A suspected norovirus outbreak has been implicated in an gastrointestinal illness outbreak on board the  Princess Cruises’ Coral Princess, according to federal health officials.

Coral princess Image/Video Screen Shot
Coral princess
Image/Video Screen Shot

The 10-day long voyage arrived in Fort Lauderdale Saturday and according to the CDC, 157 of the 2,016 (7.79%) passengers and 25 of the 881 (2.84 %) crew were sickened presenting the symptoms of vomiting and diarrhea.

In response to the outbreak, Princess Cruises and the crew aboard the ship reported the following actions: Increased cleaning and disinfection procedures according to their outbreak prevention and response plan, collected stool specimens from passenger and crew gastrointestinal illness cases for testing and made twice daily reports of gastrointestinal illness cases to the Vessel Sanitation Program.

A CDC Vessel Sanitation Program environmental health officer boarded the ship in Ft. Lauderdale on March 18 to conduct an environmental health assessment and evaluate the outbreak and response activities.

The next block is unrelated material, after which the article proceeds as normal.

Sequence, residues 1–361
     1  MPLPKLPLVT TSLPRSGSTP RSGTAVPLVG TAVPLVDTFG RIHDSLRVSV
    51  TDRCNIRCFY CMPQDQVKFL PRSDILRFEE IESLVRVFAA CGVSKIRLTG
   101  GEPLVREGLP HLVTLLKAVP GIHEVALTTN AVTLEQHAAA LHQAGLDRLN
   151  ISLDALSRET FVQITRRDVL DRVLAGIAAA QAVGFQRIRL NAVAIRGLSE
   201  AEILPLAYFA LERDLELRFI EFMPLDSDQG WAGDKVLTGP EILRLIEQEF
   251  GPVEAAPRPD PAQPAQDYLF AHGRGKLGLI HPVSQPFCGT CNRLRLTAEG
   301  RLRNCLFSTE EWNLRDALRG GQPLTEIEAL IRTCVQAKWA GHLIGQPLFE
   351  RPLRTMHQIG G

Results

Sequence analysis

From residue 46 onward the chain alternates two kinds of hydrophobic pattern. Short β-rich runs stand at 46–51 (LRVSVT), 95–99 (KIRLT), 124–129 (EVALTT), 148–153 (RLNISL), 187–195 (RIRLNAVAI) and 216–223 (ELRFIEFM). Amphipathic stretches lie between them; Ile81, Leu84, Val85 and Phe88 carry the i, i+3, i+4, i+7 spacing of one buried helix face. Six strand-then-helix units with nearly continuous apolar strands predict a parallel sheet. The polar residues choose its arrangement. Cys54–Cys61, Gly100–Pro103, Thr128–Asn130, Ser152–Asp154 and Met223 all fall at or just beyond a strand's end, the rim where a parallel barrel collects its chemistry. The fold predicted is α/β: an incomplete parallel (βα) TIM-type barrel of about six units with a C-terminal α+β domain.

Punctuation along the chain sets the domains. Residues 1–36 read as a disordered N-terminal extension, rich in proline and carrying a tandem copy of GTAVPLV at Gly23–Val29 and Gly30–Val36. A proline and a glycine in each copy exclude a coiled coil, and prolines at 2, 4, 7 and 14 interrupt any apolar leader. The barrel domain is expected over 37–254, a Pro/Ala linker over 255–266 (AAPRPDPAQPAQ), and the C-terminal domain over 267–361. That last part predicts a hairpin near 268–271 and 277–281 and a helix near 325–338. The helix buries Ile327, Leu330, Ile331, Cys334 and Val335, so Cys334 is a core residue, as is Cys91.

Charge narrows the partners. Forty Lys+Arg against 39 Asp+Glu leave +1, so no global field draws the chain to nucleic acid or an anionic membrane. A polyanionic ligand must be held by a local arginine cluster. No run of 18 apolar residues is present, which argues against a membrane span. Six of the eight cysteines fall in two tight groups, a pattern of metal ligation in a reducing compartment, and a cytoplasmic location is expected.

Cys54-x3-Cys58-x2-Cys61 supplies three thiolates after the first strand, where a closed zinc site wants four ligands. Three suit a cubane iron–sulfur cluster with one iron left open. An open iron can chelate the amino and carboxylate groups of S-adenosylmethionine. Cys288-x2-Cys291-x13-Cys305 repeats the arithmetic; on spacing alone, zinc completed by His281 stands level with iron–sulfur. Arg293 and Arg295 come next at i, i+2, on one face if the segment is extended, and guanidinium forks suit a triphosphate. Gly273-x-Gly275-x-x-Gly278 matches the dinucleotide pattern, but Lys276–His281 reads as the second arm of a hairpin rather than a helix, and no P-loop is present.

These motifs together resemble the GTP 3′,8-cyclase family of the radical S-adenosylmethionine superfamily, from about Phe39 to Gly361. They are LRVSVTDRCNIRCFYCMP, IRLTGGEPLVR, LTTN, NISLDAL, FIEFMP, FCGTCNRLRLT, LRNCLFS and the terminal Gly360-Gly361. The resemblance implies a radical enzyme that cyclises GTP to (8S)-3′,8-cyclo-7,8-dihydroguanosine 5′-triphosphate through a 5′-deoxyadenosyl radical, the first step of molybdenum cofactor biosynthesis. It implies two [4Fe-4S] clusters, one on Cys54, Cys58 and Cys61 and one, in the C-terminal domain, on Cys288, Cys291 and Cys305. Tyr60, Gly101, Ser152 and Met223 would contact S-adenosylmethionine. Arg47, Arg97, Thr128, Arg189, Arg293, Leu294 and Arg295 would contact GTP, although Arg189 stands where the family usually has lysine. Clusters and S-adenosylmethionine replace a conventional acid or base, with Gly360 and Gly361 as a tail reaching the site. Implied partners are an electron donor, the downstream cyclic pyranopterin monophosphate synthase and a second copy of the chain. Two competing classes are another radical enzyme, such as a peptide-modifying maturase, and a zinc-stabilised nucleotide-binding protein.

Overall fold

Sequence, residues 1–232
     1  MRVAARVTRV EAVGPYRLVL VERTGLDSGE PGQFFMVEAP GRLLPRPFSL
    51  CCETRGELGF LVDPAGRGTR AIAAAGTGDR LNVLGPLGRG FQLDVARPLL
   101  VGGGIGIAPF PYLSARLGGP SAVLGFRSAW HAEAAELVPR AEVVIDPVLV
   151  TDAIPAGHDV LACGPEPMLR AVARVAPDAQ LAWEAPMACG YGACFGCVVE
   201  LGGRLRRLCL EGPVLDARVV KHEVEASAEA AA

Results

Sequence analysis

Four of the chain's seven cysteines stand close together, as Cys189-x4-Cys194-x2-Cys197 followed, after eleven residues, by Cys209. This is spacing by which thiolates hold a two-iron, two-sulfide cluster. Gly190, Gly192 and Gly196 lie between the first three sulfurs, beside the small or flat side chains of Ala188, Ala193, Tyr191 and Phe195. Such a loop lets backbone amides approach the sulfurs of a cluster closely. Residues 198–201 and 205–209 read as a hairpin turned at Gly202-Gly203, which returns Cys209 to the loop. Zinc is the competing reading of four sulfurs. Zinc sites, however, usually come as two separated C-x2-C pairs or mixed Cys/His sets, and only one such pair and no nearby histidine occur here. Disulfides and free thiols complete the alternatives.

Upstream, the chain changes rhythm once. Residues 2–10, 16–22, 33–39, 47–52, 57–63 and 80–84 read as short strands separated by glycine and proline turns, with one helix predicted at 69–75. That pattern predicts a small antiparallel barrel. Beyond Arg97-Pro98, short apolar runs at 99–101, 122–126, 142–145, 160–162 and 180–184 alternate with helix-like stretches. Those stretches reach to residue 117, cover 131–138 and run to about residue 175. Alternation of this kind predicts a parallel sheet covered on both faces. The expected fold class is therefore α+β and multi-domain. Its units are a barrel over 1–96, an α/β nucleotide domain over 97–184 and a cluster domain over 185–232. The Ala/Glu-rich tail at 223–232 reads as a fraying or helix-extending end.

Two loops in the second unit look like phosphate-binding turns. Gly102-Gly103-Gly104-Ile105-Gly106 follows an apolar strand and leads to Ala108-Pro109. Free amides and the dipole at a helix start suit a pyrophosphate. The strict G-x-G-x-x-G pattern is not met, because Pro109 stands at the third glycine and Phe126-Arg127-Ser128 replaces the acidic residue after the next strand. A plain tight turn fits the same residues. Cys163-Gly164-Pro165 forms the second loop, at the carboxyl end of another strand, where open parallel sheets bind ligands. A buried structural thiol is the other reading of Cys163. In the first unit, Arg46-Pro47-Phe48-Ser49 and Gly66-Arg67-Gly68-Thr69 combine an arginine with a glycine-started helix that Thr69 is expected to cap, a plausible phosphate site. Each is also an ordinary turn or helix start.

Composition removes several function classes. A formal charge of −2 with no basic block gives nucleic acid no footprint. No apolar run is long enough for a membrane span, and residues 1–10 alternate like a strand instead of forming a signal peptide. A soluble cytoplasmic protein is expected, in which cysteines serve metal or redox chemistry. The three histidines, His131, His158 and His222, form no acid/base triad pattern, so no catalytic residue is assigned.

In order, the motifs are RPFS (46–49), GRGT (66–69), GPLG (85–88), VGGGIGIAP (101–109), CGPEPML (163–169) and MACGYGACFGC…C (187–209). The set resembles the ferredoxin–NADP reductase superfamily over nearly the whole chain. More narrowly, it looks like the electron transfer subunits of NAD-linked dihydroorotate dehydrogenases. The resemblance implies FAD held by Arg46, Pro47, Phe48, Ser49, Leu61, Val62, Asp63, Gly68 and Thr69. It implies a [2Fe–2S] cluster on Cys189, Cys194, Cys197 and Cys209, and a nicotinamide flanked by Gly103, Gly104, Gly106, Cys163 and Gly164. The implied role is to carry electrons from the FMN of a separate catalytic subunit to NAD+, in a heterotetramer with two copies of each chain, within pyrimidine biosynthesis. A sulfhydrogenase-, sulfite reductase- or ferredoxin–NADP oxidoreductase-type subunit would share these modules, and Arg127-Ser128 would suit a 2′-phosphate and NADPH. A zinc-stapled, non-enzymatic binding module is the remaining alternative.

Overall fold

Norovirus is a highly contagious viral illness that often goes by other names, such as viral gastroenteritis, stomach flu, and food poisoning.

The symptoms include nausea, vomiting, diarrhea, and some stomach cramping. Sometimes people additionally have a low-grade fever, chills,headache, muscle aches, and a general sense of tiredness. The illness often begins suddenly, and the infected person may feel very sick. In most people, the illness is self-limiting with symptoms lasting for about 1 or 2 days. In general, children experience more vomiting than adults do.

Norovirus is spread person to person particularly in crowded, closed places. Norovirus is typically spread through contaminated food and water, touching surfaces or objects contaminated with norovirus and then putting your hand or fingers in your mouth and close contact with someone who is vomiting or has diarrhea.

Norovirus causes more than 20 million illnesses annually in the US, and it is the leading cause of gastroenteritis outbreaks in the United States.